• Sign languages in each country are found to have dialects, just as spoken languages do.

  • In the United States of America, ASL (American Sign Language) is the fifth most used minority language, after French, Spanish, German, and Italian.

  • Some studies reveal that children can learn sign language 2-3 months earlier than they can learn to speak.

Sign Language and Education

  • Prior to the late 1800’s, sign language was commonly used to give a good education to Deaf pupils.

  • In 1880, at a conference in Milan, Italy, hearing authorities made the decision to eliminate sign language from the classroom and prevent Deaf teachers from teaching in European countries; at the same time, American schools saw a similar fate as the number of Deaf teachers (47% of all teachers in Deaf schools) went down to a single digit.

  • In place of using sign language, nearly all schools implemented the Oral Method, placing Deaf children’s education in the Dark Ages for 100 years.

  • To this day, in spite of numerous studies showing that Deaf children learn best through sign language, Deaf education has still not fully recovered from the blows dealt by the Milan Conference and by the reduction in numbers of Deaf teachers.

Interesting Tidbits!

  • Sign language is different from other minority languages, in that it is a visual language- facial expressions, body language and visual placements are all important components of sign language.

  • Although Deaf people consider themselves (and research supports this view) a linguistic minority group, governments and other institutions insist on labelling Deaf people as ‘disabled’.

  • There are currently about 4,000 recorded spoken/written languages in the world- if more countries recognise sign languages as well, this number would go up dramatically.

  • Languages are the roots of culture.


Oralism in education

The Merriam-Webster dictionary defines oralism as: "advocacy or use of the oral method of teaching the deaf". Oralism consists of various methods used in teaching the deaf how to read lips by recognizing formations of the mouth in spoken dialogue, practicing certain breathing patterns used to produce words and letters, and mimicking mouth shapes.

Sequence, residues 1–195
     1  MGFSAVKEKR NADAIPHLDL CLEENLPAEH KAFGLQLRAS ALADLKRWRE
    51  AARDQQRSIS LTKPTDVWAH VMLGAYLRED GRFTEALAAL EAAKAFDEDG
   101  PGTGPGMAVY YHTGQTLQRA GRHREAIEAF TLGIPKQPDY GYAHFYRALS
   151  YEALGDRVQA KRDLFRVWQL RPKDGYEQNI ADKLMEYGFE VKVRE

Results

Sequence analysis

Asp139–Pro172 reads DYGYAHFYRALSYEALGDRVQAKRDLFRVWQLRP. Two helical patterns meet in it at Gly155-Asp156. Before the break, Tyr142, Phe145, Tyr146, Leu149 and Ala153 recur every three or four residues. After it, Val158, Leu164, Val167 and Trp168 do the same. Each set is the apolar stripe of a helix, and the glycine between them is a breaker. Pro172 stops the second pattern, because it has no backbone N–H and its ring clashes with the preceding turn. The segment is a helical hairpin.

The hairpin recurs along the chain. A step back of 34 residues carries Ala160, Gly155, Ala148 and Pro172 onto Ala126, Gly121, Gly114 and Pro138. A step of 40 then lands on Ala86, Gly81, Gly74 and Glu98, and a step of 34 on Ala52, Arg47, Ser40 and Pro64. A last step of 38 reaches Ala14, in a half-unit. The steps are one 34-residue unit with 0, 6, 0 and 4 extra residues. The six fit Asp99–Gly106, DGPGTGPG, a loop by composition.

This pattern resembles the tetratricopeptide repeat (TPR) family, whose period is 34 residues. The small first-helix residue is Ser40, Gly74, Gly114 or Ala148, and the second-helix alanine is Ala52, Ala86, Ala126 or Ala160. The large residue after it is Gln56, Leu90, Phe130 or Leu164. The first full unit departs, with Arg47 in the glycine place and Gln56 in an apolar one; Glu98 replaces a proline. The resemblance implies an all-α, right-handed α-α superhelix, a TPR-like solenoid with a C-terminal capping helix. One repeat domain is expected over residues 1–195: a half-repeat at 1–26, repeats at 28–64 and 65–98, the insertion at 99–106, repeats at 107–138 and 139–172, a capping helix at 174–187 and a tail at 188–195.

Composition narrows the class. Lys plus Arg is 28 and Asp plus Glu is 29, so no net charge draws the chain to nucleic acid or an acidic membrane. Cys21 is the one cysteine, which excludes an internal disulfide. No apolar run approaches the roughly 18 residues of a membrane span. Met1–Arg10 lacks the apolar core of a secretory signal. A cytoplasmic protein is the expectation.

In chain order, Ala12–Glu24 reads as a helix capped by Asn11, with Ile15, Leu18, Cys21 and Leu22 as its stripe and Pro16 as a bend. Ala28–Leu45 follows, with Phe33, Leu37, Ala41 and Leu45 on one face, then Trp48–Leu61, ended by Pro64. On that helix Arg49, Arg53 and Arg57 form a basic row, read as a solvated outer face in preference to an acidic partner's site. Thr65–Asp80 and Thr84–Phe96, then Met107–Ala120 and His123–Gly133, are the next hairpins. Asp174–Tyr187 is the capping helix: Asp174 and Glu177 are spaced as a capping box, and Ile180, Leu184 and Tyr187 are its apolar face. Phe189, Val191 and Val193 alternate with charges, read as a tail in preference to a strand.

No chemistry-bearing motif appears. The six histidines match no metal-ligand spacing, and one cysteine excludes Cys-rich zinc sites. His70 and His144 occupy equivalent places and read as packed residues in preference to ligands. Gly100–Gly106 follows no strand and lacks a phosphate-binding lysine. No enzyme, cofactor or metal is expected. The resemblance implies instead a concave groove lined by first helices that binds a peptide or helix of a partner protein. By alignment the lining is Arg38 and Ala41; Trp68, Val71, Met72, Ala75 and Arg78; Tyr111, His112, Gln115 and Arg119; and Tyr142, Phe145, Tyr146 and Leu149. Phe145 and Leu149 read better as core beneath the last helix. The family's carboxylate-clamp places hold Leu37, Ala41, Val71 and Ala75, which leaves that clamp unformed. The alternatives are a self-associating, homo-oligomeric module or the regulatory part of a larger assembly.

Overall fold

Oralism methods can be traced as far back as 1648. Oralism gained popularity in America in the 1860s when it began being utilized in the education process of many schools for the deaf. The notion of oral methodology gained tread in deaf educational institutions as popular opinion believed it was paramount for the deaf community try to "assimilate" themselves into the hearing world.


ISO Standard

  • Indian Sign Language (ins)

  • Pakistan Sign Language (pks)

  • West Bengal Sign Language (Kolkata Sign Language) (wbs)

  • Nepalese Sign Language (nsp)

Native Speakers in 2021

  • 6,000,000 in India (ISL)

  • 1,080,000 in Pakistan (PSL)

  • 450,000 in Bangladesh (WBSL)


  • Bangalore-Madras Sign Language

  • Bombay Sign Language

  • Calcutta Sign Language

  • Delhi Sign Language

  • North West Frontier Province Sign Language

  • Punjab-Sindh Sign Language

IPSL in Bollywood

  • Koshish, 1972 film about a deaf couple

  • Mozhi, 2007 film about the love story of a deaf and mute girl

  • Khamoshi: The Musical, a 1996 film about a deaf couple with a daughter who becomes a musician

  • Black, a 2005 film about a blind and deaf girl based in part on the life of Helen Keller

Indian Sign Language (ISL)

Indo-Pakistani Sign Language (IPSL) is the predominant sign language in the subcontinent of South Asia, used by at least 15 million deaf signers. As with many sign languages, it is difficult to estimate numbers with any certainty, as the Census of India does not list sign languages and most studies have focused on the north and urban areas. As of 2021, it is the most used sign language in the world, and Ethnologue ranks it as the 151st most "spoken" language in the world.

Some scholars regard varieties in India, Pakistan, Bangladesh and possibly Nepal as dialects of Indo-Pakistani Sign Language.

Present Status

Deaf schools in South Asia are overwhelmingly oralist in their approach. Unlike American Sign Language (ASL) and sign languages of European countries, IPSL does not have much official government support.

  • The Deaf communities of the Indian subcontinent are still struggling for IPSL to gain the status of sign language as a minority language. Though sign language is used by many deaf people in the subcontinent, it is not used officially in schools for teaching purposes.

  • In 2005, the National Curricular Framework (NCF) gave some degree of legitimacy to sign language education, by hinting that sign languages may qualify as an optional third language choice for hearing students.